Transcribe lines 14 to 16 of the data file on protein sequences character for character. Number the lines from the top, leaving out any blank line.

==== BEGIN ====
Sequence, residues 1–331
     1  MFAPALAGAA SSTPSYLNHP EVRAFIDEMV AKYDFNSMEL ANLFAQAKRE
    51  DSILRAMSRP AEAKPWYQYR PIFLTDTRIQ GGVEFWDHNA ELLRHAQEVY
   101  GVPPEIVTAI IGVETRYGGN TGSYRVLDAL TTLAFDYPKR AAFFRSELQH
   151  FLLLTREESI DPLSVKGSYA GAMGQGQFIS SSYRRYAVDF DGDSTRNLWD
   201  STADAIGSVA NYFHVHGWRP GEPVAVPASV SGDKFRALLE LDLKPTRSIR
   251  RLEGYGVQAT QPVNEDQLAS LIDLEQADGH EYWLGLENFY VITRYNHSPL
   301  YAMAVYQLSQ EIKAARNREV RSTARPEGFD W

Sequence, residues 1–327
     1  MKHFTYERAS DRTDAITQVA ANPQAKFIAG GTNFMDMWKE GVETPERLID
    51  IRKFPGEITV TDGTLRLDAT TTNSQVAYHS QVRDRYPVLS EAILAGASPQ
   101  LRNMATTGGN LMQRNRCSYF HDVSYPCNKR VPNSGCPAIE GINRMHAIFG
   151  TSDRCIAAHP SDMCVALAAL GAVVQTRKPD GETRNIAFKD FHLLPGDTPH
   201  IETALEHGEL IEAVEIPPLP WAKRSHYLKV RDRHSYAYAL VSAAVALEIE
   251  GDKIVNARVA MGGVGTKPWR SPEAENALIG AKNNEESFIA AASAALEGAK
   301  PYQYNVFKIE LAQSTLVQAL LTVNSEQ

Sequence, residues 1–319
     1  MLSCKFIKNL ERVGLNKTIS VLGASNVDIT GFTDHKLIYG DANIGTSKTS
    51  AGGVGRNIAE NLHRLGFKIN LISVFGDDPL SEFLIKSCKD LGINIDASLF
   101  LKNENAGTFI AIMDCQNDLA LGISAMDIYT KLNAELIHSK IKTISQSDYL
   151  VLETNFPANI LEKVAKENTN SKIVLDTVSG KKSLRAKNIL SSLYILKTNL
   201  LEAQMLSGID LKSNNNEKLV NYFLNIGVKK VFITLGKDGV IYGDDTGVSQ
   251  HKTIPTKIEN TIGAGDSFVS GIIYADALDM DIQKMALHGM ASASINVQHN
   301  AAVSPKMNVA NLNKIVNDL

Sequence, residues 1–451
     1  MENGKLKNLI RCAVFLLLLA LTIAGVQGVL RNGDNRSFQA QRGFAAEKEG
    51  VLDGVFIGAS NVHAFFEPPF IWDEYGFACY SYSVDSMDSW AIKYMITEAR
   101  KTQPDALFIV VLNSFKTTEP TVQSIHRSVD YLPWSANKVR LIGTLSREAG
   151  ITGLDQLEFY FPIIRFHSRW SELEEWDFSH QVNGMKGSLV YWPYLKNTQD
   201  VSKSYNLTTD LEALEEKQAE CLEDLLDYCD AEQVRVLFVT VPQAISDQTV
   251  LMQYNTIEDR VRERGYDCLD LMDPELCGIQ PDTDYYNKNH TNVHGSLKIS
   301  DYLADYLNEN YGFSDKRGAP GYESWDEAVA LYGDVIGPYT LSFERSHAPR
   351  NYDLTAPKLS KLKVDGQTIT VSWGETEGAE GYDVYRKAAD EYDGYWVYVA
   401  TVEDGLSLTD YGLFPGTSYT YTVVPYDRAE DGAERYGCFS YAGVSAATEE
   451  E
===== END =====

   201  IETALEHGEL IEAVEIPPLP WAKRSHYLKV RDRHSYAYAL VSAAVALEIE
   251  GDKIVNARVA MGGVGTKPWR SPEAENALIG AKNNEESFIA AASAALEGAK
   301  PYQYNVFKIE LAQSTLVQAL LTVNSEQ